Key problem of education in RI: Teacher centralization

Paul Suparno, Yogyakarta | Sat, 07/16/2011 8:00 AM

The National Education Ministry plans to centralize Indonesian teachers. The purpose is to increase the quality and the equality of education. Does this centralization have to be done?

One of the important problems facing Indonesian education is the large quality gap between schools. Some schools in several places are of a high quality, but some schools in other places are low quality. The reason is that some schools have many qualified teachers and good facilities, but some schools do not. Statistically, the number of teachers in Indonesia is enough, but in reality it is not.

In some cities there are many qualified teachers, but in some areas there are not enough teachers. The distribution of teachers is not equal because of the autonomy system. In this system, most provinces prefer to accept only teachers from their own regions. That is why some provinces with few teachers have difficultly getting enough teachers. So it makes sense that the quality of their education is low.

There is also a tendency that some new teachers don’t like to apply and teach in poor places because their salaries will not be enough to live. In addition, they cannot provide private lessons that will increase their income.

Most of the new teachers think that they are not able to improve their knowledge in the poor places, because there are sparse facilities such as limited libraries, computers, training, workshops, etc. That is the reason why most new teachers prefer to teach in big cities.

Most of these problems could be solved easily if the system was centralized. This would mean that the central government would be allowed to distribute teachers everywhere and send some teachers to poor areas or where they were needed.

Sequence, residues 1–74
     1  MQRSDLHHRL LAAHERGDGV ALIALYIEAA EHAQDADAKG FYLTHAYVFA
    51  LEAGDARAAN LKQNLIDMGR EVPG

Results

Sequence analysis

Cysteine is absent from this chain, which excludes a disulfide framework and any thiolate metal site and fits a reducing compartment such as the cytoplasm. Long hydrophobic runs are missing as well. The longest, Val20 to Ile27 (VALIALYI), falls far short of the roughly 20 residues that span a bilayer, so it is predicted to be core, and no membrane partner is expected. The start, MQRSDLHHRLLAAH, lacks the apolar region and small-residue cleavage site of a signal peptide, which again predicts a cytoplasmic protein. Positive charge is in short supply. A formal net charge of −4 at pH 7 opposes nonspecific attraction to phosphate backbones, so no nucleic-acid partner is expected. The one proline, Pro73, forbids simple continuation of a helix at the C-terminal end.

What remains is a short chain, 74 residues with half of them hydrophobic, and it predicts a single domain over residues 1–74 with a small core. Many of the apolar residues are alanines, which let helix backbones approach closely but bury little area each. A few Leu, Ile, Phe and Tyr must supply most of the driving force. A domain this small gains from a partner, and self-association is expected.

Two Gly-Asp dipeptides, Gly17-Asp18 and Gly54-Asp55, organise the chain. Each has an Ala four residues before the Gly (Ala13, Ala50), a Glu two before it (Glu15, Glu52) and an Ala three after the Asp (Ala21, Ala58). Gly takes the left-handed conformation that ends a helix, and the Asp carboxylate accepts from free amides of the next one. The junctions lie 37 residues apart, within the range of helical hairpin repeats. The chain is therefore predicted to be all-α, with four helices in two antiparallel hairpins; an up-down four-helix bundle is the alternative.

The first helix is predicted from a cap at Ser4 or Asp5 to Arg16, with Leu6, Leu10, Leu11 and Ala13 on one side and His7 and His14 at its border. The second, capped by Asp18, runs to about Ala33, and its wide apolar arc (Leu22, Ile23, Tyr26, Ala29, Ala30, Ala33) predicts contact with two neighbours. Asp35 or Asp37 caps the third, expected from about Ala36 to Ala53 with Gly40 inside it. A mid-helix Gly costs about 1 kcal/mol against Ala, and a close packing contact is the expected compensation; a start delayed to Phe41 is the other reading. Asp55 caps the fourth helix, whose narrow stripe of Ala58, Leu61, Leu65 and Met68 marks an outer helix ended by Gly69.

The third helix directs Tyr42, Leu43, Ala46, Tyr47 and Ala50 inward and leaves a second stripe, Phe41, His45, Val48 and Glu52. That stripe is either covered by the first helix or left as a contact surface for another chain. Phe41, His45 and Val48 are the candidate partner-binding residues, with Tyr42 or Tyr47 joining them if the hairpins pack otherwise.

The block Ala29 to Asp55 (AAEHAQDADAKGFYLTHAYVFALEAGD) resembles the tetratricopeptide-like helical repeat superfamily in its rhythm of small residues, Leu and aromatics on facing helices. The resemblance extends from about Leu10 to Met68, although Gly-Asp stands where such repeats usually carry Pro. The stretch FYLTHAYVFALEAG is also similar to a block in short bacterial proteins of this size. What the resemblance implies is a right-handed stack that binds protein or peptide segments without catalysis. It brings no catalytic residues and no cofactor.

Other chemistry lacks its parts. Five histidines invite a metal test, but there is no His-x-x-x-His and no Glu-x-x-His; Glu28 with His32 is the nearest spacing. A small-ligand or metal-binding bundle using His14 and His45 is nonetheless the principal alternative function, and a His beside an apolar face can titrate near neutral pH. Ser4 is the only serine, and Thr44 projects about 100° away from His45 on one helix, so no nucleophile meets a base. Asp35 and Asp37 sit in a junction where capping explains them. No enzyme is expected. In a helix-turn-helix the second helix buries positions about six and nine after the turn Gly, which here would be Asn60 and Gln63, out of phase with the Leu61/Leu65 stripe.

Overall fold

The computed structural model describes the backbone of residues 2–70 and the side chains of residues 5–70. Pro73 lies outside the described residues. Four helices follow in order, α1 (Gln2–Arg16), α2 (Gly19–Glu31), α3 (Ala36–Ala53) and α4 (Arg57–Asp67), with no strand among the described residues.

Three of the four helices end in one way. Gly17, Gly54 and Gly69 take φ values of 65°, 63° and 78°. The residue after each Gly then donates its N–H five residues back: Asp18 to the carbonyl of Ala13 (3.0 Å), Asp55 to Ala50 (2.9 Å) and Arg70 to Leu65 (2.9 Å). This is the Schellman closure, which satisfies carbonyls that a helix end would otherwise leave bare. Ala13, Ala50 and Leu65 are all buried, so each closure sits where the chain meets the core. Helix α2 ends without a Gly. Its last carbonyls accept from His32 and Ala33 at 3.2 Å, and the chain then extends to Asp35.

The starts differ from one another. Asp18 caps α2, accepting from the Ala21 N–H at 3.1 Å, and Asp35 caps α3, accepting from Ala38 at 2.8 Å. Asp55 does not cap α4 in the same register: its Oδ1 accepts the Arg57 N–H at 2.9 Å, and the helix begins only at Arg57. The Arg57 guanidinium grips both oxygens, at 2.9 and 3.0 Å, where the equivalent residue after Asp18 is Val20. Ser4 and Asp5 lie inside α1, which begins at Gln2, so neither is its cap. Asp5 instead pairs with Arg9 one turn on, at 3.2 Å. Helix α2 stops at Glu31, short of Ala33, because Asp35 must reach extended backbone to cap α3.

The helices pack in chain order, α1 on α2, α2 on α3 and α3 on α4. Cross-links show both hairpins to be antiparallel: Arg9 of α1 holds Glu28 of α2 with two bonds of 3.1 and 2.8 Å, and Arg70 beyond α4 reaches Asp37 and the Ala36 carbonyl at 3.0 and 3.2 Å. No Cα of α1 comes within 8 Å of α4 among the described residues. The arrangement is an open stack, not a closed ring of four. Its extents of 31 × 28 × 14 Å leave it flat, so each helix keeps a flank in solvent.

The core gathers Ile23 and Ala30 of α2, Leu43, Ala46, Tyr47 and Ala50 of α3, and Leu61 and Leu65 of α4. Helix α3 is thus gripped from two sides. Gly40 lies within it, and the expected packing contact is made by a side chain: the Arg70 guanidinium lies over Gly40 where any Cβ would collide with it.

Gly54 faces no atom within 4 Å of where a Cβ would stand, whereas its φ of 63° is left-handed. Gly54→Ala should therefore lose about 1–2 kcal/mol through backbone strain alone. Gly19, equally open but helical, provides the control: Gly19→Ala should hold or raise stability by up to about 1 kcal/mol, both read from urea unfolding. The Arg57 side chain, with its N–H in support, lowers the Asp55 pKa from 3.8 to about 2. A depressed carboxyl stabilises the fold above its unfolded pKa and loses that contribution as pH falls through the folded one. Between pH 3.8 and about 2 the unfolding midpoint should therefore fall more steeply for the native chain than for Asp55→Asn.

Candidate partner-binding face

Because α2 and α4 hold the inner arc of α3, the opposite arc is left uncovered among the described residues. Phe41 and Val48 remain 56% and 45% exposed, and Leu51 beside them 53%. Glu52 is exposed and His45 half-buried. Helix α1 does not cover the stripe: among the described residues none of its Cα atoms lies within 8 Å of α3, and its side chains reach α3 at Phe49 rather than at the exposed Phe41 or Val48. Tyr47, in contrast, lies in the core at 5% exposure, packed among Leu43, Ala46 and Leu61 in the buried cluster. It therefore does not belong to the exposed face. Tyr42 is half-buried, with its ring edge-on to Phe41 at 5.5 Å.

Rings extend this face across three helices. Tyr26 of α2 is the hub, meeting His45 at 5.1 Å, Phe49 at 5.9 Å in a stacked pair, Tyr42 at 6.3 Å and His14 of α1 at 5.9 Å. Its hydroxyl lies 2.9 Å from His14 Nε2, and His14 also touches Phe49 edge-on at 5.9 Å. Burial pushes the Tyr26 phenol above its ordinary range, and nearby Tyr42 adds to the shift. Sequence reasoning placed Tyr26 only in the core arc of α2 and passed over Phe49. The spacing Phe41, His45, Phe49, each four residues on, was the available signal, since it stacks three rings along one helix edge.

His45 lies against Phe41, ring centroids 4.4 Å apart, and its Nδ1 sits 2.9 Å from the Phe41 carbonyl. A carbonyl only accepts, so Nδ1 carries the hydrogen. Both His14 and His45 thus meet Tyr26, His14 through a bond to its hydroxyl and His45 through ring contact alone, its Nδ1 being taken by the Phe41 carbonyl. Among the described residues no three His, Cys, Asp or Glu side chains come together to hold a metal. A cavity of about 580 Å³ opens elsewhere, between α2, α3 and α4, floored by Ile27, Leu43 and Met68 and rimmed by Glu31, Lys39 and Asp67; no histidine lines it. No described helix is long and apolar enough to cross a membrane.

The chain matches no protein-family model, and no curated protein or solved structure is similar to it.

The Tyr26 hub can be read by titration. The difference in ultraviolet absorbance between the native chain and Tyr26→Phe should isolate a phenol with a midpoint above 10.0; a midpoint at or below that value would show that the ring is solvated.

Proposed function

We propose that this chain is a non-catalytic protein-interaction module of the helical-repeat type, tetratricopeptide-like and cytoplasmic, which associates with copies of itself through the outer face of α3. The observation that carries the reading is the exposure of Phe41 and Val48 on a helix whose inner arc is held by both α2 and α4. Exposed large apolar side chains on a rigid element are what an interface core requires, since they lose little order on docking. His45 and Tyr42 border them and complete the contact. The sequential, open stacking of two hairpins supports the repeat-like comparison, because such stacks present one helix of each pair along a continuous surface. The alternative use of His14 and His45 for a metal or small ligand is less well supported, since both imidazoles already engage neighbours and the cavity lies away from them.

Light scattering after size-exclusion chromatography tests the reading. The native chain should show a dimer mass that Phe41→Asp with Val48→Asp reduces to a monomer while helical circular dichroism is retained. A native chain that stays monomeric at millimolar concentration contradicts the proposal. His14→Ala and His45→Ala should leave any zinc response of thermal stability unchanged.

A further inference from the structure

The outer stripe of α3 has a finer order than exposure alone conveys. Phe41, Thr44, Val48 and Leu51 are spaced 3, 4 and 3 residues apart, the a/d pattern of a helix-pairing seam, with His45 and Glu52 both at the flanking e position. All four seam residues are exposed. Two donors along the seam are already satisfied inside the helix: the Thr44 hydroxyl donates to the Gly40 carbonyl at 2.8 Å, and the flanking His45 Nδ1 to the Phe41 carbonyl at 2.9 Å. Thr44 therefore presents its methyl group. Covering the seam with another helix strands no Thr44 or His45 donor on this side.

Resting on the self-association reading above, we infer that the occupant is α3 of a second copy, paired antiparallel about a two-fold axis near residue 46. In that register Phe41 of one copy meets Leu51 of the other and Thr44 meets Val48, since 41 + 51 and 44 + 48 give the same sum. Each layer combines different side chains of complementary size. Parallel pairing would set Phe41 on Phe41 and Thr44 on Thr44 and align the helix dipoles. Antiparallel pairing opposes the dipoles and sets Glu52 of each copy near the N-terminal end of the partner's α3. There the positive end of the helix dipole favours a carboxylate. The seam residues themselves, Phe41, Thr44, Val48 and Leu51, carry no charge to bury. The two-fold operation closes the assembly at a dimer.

To increase and attract enough new teachers to the more difficult places, the central government should organize teacher public service. The new teachers who want to be public teachers should do service and teach in difficult places.

For example, new teachers have to serve in poor places for two or three years before they are accepted as public teachers. They are still young and they have high spirits. They are still creative and passionate. This way they take part in improving the quality of education. In addition, maybe some of them after two years of teaching will want to teach there for many years to come if so, they can be accepted as public teachers in the same places.

Centralization should be done not only for teacher placement, but also for improving facilities and teacher quality. Since poor provinces cannot improve their own schools, the central government must help them, especially in providing school facilities. Some poor schools cannot meet the national standard without the central government’s assistance.

If we want to improve the quality of teachers, especially in the poor provinces or poor schools, the central government must provide workshops or training for those teachers. With such training, the teachers will become more professional and develop their knowledge and their pedagogy. If the teachers always study either formally or informally, they will improve the quality of schools.

Two things should be noted in centralization — bureaucracy and politicization. Centralization needs good and smooth bureaucracy. If the bureaucracy is slow, the process will be very slow and some places or regions will lack teachers.

So it is a big challenge for the government to decide whether it is ready to implement centralization. The second point is the politicization of teachers. Teachers should be free from politicization. The government should give public teachers more freedom to improve their teaching without having to bear political burdens such as joining a political party.

According to Henry Giroux, teachers should be intellectuals who are free to express their opinions and their thoughts, especially about the truth. Teachers should explain truth as truth, and wrong as wrong. By doing so, teachers will become truth guides for communities. This will happen if the government gives teachers freedom.

Today, some teachers have no freedom to say what is really happening in schools and they are forced to do bad things at schools. If they do not comply with their orders, they will face harsh consequences, such as being reposted to an unfavorable position or area. We hope this will not happen with the centralization system. If teachers have more freedom to do their jobs professionally, they will be more peaceful and take pleasure in educating their students.

The writer is a lecturer at Sanata Dharma University, Yogyakarta.


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